Q: What are the upcoming trends in the simulation and training industry?

One of the key trends is a shift from content centric to learner centric. 

Customers today focus more on training outcomes rather than acquiring training systems or services. They want to have faster outcomes which AI-enabled systems can provide better trainee assessment using data analytics.

This give rise to the adoption of XR technology in training and simulation industry, in particularly Mixed Reality (MR), as it is portable to allow self-pace and adaptive learning for individuals. MR encompasses the best of both AR and VR elements where you can see the real physical world even as you interact with the virtual world.

The advancement in head mounted devices and wearable technologies provides a better resolution and field of view on a lighter weight device also drives and opens up the usage of MR technology. MR simulator will not replace the traditional simulator but complement. It will offload some training tasks and free-up the traditional full flight simulator for more advance and complicated training.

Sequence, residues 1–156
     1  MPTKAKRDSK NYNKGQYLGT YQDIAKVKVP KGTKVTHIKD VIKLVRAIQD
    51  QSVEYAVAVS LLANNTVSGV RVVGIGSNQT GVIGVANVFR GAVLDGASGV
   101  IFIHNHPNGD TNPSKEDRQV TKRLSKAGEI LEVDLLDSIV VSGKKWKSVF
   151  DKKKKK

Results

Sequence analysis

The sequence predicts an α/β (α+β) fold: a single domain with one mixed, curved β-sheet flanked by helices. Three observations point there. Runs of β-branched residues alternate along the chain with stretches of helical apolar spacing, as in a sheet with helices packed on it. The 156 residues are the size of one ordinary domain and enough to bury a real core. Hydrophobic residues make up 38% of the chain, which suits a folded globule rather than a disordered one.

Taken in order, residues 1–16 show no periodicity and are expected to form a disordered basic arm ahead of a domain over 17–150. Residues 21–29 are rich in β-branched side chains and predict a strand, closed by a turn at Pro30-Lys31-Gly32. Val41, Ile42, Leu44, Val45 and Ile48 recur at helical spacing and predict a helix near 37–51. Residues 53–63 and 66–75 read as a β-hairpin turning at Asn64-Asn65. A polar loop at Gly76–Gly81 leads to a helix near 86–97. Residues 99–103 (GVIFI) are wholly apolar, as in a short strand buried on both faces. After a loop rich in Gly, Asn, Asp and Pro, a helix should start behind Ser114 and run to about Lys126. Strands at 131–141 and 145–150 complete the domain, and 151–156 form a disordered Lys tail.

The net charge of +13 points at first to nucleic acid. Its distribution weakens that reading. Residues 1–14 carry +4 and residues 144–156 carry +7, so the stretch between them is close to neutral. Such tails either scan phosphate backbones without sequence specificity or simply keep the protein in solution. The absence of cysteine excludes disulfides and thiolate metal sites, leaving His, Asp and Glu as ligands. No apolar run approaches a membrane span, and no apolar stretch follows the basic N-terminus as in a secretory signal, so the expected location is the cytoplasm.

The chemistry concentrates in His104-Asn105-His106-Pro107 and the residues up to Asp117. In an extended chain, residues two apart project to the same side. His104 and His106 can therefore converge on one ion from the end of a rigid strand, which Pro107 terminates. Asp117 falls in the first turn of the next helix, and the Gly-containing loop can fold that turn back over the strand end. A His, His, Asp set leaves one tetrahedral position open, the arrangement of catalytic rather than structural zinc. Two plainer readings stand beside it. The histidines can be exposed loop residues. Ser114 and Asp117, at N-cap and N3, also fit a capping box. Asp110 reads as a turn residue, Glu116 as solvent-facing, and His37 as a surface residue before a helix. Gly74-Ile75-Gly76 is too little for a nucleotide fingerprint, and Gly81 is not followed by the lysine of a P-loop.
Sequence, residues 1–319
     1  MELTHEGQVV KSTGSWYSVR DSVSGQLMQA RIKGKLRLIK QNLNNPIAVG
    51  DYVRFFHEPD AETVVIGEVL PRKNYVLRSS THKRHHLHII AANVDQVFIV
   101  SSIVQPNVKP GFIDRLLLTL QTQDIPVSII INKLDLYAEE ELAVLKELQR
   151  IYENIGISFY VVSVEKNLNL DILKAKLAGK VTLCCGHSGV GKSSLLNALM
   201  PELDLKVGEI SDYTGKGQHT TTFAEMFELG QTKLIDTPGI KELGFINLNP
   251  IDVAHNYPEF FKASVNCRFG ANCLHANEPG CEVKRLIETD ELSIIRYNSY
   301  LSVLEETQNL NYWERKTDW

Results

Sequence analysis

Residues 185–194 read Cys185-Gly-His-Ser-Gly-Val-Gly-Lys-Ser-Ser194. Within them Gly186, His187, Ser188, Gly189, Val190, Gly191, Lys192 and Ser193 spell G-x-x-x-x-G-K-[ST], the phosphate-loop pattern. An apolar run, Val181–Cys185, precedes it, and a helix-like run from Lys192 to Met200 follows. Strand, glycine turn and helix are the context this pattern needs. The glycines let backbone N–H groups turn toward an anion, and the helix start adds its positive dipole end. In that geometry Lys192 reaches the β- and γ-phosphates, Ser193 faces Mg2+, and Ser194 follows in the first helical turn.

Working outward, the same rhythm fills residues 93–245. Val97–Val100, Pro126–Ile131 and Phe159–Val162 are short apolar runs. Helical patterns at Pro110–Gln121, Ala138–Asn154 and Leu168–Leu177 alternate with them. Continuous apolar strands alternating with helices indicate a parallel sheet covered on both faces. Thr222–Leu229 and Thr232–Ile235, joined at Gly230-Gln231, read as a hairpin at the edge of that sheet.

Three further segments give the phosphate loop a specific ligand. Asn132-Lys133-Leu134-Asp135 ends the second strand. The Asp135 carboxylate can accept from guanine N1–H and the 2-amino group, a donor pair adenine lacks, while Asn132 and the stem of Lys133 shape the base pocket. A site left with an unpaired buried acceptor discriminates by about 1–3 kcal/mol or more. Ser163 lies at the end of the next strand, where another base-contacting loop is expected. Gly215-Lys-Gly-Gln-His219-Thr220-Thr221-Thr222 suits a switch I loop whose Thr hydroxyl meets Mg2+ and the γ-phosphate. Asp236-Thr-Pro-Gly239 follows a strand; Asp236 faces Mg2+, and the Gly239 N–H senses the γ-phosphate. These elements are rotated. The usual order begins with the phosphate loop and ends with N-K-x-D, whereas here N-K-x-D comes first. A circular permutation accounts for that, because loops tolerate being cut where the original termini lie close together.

Q: How do you keep yourself up-to-date with upcoming trends? Any specific books or websites?

Immersive technology has been evolving rapidly in recent years with the improvement of the XR headsets and increasing adaptation of the technology. I keep abreast with the trends and technology from various sources such as journals on training and simulation, internet resources such as Industrial XR Forum and frequent interaction with global simulation solution providers.

Participating in major training and simulation conferences such as I/ITSEC also helps to keep myself updated with the latest XR trends and technologies.

Q: How does your interest in the simulation field come about?